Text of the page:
The first step in registering a new company in Thailand is to reserve a name. This must be different from existing registered names and not resemble any other Thai company or partnership. This is a very important step in the process as it provides an official registration certificate for your business and a Tax ID number. This is essential in order to open a local bank account and conduct regular business activities.
The second step is to hold a statutory meeting of the company’s shareholders. During this meeting the by-laws of the company are submitted, articles of incorporation are drafted and any contracts entered into are ratified. The next step is to register the company with the Department of Business Development within a period of 90 days from holding the statutory meeting.
After this, the company will be issued with a Certificate of Business Registration and Company Affidavit. This certificate is required to open a corporate bank account at any one of the Thai commercial banks. The company will then be legitimately registered in Thailand and will have to pay taxes.
There are many benefits to registering a business in Thailand, including a favorable tax environment and the ability to hire Thai nationals as directors. However, it is important to understand that there are some restrictions and limitations that you need to consider.
Choosing a Business Structure:
There are several options when establishing a business in Thailand, but the most popular option is a private limited company. This type of business is regulated mainly by the Civil and Commercial Code of Thailand. It is owned by a minimum of 3 shareholders and requires registered capital in the form of shares.
A share value is not a fixed amount, it can be as low as THB 5 per share for a private limited company or as high as THB 1 million for a public limited company. The minimum number of shareholders for a private limited company is three, and the maximum can be fifteen.
Other options for establishing a business include a limited liability partnership and a representative office. These are not as popular with foreign investors, but they may be useful in some circumstances.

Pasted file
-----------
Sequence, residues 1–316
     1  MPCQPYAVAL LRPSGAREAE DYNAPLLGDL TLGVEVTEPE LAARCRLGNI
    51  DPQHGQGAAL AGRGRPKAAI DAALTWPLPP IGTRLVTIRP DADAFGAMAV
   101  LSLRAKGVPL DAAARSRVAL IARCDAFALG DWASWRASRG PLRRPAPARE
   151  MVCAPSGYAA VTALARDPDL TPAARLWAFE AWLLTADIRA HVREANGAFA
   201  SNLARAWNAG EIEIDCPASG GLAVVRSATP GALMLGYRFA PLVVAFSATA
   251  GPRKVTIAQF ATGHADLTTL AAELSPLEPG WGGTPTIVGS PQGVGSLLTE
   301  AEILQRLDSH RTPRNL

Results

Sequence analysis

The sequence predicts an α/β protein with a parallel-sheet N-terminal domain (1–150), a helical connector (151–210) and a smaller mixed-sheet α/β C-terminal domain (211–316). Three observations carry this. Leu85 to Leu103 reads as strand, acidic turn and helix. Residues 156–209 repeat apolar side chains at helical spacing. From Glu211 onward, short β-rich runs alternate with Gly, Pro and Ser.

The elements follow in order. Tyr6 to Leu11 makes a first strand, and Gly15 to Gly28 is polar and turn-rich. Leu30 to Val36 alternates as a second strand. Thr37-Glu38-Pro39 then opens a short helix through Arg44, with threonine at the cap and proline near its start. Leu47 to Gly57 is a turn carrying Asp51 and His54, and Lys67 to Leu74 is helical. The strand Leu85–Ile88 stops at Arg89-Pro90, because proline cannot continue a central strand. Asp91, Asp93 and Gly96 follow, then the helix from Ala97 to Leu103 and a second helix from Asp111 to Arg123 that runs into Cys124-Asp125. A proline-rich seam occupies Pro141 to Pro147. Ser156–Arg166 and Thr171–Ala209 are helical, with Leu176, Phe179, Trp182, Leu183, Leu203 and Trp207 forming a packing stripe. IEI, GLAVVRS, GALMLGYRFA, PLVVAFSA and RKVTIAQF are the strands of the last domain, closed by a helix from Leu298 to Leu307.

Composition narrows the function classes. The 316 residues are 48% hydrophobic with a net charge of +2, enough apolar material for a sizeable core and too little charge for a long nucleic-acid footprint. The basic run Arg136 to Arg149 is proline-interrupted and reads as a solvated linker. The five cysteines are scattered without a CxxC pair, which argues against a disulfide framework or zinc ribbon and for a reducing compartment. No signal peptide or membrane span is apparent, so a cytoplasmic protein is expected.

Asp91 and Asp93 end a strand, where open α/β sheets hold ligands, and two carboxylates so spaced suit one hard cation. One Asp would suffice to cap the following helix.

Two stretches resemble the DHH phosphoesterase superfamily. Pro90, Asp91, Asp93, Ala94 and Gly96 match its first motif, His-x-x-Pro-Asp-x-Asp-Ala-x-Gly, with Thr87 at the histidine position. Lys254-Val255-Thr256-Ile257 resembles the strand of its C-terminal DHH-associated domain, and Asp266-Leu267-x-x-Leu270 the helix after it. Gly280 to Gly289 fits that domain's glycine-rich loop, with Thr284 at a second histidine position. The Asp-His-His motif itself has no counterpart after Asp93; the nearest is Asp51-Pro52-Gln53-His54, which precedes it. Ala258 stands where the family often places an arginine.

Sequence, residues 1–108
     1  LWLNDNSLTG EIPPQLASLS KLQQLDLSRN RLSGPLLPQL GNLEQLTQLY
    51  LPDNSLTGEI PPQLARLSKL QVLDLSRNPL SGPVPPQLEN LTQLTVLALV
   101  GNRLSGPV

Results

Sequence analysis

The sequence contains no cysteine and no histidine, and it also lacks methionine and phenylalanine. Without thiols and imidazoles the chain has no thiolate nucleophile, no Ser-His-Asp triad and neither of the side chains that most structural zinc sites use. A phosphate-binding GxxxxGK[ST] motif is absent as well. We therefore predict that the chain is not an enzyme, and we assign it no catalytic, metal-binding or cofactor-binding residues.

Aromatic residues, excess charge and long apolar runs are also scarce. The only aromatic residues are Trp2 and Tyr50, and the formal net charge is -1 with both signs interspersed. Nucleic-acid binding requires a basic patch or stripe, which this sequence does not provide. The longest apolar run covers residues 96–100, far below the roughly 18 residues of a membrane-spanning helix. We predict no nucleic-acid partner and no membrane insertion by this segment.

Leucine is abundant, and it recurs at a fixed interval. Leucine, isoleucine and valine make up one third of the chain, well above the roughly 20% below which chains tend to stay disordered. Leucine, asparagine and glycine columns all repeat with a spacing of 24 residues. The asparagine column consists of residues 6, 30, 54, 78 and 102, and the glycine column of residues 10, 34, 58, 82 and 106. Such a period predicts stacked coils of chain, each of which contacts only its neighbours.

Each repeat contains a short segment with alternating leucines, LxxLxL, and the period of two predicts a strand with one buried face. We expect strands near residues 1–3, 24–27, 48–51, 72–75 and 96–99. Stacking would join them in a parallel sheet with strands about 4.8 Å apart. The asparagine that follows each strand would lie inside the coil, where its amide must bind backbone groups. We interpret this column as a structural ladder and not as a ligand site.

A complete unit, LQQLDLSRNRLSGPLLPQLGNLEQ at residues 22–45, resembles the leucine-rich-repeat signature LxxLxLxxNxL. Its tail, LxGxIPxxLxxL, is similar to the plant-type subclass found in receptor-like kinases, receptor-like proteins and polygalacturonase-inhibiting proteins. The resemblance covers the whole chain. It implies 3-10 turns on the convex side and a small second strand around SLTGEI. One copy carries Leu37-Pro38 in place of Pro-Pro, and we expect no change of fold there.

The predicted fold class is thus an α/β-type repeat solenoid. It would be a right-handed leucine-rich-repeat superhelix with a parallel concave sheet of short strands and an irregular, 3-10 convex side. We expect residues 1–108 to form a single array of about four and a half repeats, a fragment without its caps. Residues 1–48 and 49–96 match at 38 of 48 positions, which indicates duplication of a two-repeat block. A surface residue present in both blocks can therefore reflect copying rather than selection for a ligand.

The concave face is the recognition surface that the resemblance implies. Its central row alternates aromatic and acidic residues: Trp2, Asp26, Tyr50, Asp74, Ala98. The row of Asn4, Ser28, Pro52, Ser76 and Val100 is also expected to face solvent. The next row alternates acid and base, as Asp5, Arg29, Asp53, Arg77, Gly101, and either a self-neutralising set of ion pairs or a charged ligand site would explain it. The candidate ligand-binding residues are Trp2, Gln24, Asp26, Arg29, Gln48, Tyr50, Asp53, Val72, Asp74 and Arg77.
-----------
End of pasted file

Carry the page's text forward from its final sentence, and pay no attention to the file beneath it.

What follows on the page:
Besides, there are other tax incentives for companies that are set up in Thailand. For example, a company that is engaged in R&D or advanced technology training can benefit from a tax exemption.
Another advantage is the fact that the company will be exempt from all customs duties on its exports. This will help the company save money in terms of imports and exports and also reduce its overhead costs.
In addition, companies based in Thailand can take advantage of tax incentives in the form of a preferential rate of income tax and capital gains taxes. These incentives are aimed at encouraging foreign investors to set up their businesses in Thailand and make investments in the country.
The main regulatory body for registering a new company in Thailand is the Department of Business Development, which is under the Ministry of Commerce. The Department of Business Development is responsible for regulating companies in Thailand and provides information on their history to third parties such as investors, banks or private lenders. It also offers a number of services to businesses that are operating in the country, such as assistance with filing documents and providing advice on how to comply with local laws.